LOS ANGELES (CN) - Conservation groups asked the Ninth Circuit to review the Trump administration’s approval of the first offshore oil drilling development in Arctic waters, which the group says violates federal laws and ignores warnings about climate change.
“There is no such thing as safe Arctic drilling,” Tim Donaghy of Greenpeace USA said in a statement. “The latest climate science is crystal clear that we can no longer allow the expansion of the oil industry into new regions if we want to limit global warming to safe levels.”
Anchorage-based Hilcorp Alaska received approval in October for its Liberty oil drilling project, which involves constructing a nine-acre artificial island in one of the most pristine natural reserves in North America.
Hilcorp also received approval to build a 5.6-mile underwater pipeline to transport oil.
The project is located near the largest wildlife refuge in the United States, encompassing about 30,000 square miles of undeveloped land.
Petitioners the Center for Biological Diversity, Defenders of Wildlife, Friends of the Earth, Greenpeace USA, and Pacific Environment said Monday that the island, which will have a 24-acre footprint in about 20 feet of water, is at the heart of a critical polar bear habitat.
Oil drilling in the Arctic region could lead to oil spills affecting the sensitive Beaufort Sea and nearby Arctic communities, Donaghy said.
Friends of the Earth’s Marcie Keever said in a statement that President Donald Trump is “flouting the law” and endangering delicate coastlines by rushing through approval of the project.
According to the conservationists’ petition, approval of the project violated the National Environmental Policy Act, the Outer Continental Shelf Lands Act and the Administrative Procedures Act.
“This project is just one in a series of giveaways to oil companies looking to enrich their CEOs and investors on America’s public lands and waters,” Keever said.
The group called the Trump administration reckless for approving the project, which they say could amplify negative effects of climate change around the world.
“Liberty is the bad step down a very dangerous path,” the Center’s Kristen Monsell said. “An oil spill in the Arctic would be impossible to clean up in a region already stressed by climate change.”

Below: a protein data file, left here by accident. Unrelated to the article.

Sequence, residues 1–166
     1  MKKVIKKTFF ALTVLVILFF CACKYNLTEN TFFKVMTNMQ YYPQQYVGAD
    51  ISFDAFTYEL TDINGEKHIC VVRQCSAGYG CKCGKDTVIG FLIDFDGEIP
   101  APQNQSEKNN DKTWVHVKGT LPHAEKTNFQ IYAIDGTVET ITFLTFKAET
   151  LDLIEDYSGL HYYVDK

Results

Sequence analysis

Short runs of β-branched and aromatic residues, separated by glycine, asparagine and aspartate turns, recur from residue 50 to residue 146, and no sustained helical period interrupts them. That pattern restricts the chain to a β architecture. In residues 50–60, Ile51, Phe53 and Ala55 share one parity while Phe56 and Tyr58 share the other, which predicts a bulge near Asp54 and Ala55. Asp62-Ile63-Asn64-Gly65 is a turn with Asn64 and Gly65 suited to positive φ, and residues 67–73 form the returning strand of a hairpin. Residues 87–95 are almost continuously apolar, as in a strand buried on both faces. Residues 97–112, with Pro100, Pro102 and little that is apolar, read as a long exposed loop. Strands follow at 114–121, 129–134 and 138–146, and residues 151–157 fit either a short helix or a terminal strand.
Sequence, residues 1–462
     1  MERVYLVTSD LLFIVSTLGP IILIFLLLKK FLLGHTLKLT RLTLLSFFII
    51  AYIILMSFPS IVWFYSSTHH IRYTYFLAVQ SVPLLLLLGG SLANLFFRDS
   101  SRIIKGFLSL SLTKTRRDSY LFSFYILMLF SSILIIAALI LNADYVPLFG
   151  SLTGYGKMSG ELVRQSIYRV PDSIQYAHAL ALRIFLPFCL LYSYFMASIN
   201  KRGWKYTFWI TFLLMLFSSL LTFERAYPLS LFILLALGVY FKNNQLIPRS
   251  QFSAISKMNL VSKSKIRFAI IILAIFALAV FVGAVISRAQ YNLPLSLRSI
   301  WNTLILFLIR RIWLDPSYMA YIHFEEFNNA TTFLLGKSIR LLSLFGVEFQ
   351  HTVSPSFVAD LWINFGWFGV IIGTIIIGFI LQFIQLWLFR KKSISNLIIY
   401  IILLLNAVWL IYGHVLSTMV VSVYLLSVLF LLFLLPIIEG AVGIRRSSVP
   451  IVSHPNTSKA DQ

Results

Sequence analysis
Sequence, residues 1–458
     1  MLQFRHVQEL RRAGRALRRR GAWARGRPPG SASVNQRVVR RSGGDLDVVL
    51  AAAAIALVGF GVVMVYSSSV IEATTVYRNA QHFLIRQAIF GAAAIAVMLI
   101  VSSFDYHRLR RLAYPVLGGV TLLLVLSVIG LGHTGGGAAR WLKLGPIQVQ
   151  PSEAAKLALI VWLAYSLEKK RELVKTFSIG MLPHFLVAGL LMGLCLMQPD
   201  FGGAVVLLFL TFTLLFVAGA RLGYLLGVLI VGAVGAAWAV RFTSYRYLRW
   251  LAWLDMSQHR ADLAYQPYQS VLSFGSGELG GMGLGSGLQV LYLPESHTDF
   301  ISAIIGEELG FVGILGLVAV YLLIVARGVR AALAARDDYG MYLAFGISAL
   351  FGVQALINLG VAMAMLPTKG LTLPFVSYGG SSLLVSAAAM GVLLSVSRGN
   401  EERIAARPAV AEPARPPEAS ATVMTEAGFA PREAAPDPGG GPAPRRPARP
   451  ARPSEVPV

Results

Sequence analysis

Concerns are also mounting about Hilcorp’s ability to safely execute the project.
An oil worker for the company died earlier this month in an accident on Alaska’s North Slope and one of the company’s underwater gas pipelines in Alaska’s Cook Inlet leaked for nearly four months last year.
The Alaska Oil and Gas Conservation Commission has heavily fined Hilcorp, commenting in a May 2016 report that “disregard for regulatory compliance is endemic to Hilcorp's approach to its Alaska operations.”
Meanwhile, the Liberty Energy Project website boasts a “30-year record of safely operating offshore in the Arctic” and says the project will bring jobs to the area and generate funds for students, Native communities, and more.
The petition names former Interior Department Secretary Ryan Zinke, the Bureau of Ocean Energy Management and the U.S Fish and Wildlife Service as respondents.
A spokesperson for the agencies did not respond to requests for comment by press time.
The Trump administration says it plans to offer another lease sale in the Beaufort Sea in 2019 as part of a plan to drastically expand offshore oil drilling in the Arctic and other U.S. oceans.
The administration has also said it will relax offshore drilling safety regulations adopted in the wake of the 2010 Deepwater Horizon disaster, which spilled nearly 5 million barrels of oil into the Gulf of Mexico.
A White House report this month found that the past five years have been the hottest on record and that the Arctic is heating up at twice the rate of the rest of the globe.
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